He cannot, in principle1, ignore public policy rules, whether internal or international. Public policy rules, of which there are many in insurance law, cannot be ignored as they pertain to a fundamental public policy to safeguard the general interest. Arbitrators must abide by them in all circumstances.

Furthermore, the CEFAREA rules provide additional safeguards by requiring at rule 23.3 that “at all times, the arbitral tribunal must comply with the terms of the contract and take into account industry practices”

Case law has acknowledged the moderating power of an arbitrator acting as “amiable compositeur” as regards contractual clauses, subject to the condition that he be motivated by “equitable” considerations2. The obligation to comply with the terms of the contract should nevertheless restrain the arbitrator’s power – he cannot modify the economic outcome of the contract, due to the risk of undermining it3.

The arbitrator’s obligation to take into account industry practice should also guide him towards rendering decisions which are compliant with CEFAREA.

“Amiable composition” remains arbitration

It is important to note that an arbitrator acting as “amiable compositeur” does not become a mediator or conciliator, but remains an arbitrator. He must use his “judicial” power to render a decision which disposes of the substantive issues and must accordingly respect the specified arbitral procedure. His decision must, moreover, be reasoned (rule 26).

There are several consequences which emanate from the judicial nature of an arbitration by “amiable composition”. Firstly, the procedure retains the advantages of arbitration, such as speed, confidentiality, and the arbitrator’s expertise tailored to the dispute. Secondly, the claimants benefit from using established and well-recognised arbitral procedures, with awards recognised and enforceable at home and in other jurisdictions. Moreover, extensive case law imposes a duty on the “amiable compositeur” to comply with normal rules of natural justice4.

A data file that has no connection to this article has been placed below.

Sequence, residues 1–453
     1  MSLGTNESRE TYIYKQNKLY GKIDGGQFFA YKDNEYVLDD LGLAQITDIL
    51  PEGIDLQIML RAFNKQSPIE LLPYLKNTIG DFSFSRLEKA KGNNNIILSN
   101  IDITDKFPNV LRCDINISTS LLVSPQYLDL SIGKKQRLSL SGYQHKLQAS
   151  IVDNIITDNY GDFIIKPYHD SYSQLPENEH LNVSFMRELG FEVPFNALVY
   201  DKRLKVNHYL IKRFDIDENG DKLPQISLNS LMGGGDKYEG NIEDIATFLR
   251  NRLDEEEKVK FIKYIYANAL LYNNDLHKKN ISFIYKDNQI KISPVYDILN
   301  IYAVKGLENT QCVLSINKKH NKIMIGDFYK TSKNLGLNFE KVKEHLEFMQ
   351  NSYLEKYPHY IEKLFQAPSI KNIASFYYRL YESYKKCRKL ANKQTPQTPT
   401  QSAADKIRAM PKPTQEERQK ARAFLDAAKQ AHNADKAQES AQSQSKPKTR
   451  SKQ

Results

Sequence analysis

Finally, whether arbitration is by “amiable composition” or according to the ordinary rules of law, the options for judicial review remain the same. The “amiable compositeur’s” decision is final and binding. Only a claim for annulment, which is restricted to certain serious grievances, is available to parties seeking to challenge it – and in international arbitrations, the parties may expressly agree to waive this challenge (rule 27).

Conclusion

In a relatively restrained market, the CEFAREA rules offer an interesting alternative for arbitrating disputes. When parties wish to preserve their future commercial relationship and favour an outcome which will be balanced rather than dictated by the strict terms of the contract or legal principles, arbitration by “amiable composition” may be the solution. It is nevertheless prudent carefully to weigh the risks and possible consequences of such a decision.